As a young person growing up in the 60’s, I always thought I needed to stretch myself and do something to change the world. There were so many needs, so many causes.
As a teenager I led several service projects, collecting food and money for Biafra, collecting clothing, selling pretzels at lunch to fund different needs. So my desire to help others in need goes back a long way.
As a young adult, married and expecting a child, I experienced poverty in a different way. While living in central PA, my husband had a serious health problem, was unemployed, and we were penniless. We received food stamps and a medical card and nearly lost our house before he got a job – far from where we lived, in Oklahoma near my parents.
That was the first time we started over from scratch, the first of many that took us from Oklahoma to Florida, New Jersey, Maryland, West Virginia and back to Pa. again.
In my early 20’s, I felt a call to ministry and went back to school to study theology. I was raised Catholic and have stayed within my religion while ministering in several ways, as a parish religious educator, a diocesan Family Life associate director and as an outreach minister in a parish and with Catholic Charities.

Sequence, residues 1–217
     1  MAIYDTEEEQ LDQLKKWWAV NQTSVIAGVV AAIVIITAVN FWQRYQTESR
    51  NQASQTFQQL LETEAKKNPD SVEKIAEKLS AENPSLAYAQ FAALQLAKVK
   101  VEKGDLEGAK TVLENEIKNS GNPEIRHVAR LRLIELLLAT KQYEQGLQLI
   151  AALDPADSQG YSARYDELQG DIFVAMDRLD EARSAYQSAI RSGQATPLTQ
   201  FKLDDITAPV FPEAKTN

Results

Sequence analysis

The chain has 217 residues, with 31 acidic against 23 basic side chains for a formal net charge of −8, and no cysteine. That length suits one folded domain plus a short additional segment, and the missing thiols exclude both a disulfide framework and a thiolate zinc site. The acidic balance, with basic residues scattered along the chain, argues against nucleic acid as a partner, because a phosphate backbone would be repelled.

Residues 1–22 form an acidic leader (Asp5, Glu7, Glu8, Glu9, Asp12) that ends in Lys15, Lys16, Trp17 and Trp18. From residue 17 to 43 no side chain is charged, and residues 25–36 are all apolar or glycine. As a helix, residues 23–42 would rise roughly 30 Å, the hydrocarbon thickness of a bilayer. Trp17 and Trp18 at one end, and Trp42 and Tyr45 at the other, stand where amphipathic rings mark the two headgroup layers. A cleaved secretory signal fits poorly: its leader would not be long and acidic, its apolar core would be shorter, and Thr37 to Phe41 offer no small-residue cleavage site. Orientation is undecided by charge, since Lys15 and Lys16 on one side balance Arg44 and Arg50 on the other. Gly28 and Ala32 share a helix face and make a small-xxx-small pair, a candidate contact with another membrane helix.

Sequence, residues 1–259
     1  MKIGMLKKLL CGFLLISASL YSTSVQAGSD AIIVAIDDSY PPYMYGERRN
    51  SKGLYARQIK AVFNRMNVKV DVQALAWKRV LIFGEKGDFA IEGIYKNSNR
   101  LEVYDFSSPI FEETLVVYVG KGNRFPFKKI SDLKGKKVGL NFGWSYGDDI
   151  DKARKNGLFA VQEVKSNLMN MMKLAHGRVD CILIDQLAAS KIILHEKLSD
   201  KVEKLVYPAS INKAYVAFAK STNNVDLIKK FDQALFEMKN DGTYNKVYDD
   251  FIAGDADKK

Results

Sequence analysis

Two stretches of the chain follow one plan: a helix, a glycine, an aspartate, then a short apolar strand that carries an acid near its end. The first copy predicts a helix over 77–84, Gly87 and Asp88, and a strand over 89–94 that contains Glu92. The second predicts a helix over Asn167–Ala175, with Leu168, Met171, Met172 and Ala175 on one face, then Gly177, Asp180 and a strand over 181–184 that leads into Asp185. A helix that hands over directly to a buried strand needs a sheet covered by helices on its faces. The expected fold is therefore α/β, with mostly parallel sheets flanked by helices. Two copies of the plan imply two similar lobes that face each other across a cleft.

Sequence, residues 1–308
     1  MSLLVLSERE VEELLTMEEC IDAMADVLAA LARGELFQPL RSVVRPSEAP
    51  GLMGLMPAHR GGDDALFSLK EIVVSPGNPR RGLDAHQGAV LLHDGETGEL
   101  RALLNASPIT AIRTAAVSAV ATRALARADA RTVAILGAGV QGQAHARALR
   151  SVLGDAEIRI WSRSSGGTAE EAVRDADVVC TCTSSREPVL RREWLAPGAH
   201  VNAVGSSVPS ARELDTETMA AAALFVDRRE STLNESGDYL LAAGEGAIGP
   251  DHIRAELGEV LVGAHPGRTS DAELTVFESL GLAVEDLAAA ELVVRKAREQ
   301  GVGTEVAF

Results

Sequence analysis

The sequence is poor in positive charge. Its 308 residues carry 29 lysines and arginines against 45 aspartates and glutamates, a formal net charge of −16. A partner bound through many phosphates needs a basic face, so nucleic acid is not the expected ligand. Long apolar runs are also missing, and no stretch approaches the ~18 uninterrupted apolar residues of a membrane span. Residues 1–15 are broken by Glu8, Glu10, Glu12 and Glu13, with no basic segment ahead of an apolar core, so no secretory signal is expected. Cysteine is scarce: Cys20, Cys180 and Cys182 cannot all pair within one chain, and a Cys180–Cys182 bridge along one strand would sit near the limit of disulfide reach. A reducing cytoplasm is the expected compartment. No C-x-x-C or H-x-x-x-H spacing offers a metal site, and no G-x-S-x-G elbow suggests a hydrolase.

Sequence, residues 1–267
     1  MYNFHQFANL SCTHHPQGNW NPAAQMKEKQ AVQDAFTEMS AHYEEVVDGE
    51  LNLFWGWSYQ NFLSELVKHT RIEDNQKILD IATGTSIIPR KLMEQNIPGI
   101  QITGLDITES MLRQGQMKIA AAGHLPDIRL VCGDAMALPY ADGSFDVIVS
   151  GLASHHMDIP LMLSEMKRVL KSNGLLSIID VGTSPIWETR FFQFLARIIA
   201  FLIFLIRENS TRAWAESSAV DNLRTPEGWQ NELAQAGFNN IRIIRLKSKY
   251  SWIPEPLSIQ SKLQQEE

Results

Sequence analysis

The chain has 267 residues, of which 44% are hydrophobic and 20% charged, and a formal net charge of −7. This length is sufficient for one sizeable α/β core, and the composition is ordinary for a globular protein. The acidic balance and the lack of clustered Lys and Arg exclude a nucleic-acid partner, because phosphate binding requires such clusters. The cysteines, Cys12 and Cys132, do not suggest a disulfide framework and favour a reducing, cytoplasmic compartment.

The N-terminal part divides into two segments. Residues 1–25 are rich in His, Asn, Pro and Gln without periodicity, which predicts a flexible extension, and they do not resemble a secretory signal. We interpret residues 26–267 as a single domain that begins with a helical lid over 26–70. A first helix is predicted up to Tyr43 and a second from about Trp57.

With all those moves and job changes, my concern for those living in poverty has remained consistent.
I’ve been blessed by opportunities to serve directly as an outreach worker and indirectly as a community organizer. I’ve painted houses in New Orleans, done taxes for low income workers, visited dying people as a Hospice volunteer and served in community kitchens and food pantries. It’s been a blessing to learn from the people I serve all along the way.
Recently during a retreat, I was surprised to discover that my years of service and ministry are not the most important parts of my story. During a session on the Psalms, it was as if a light went: I’ve been married for 40 years to a generous, loyal and honorable man, Ed, who promised to love me forever and has made good on that promise every day. We have a son and a daughter who both exhibit their dad’s quiet strength and my desire to help others, and now a grandson whose inquisitiveness and love for life brings joy to us all.
I’m grateful to the God who loves us more than we can imagine for the abundance with which we have been blessed.
I hope to spread that same love here at OFRUCC for many years.
I look forward to meeting and getting to know you all,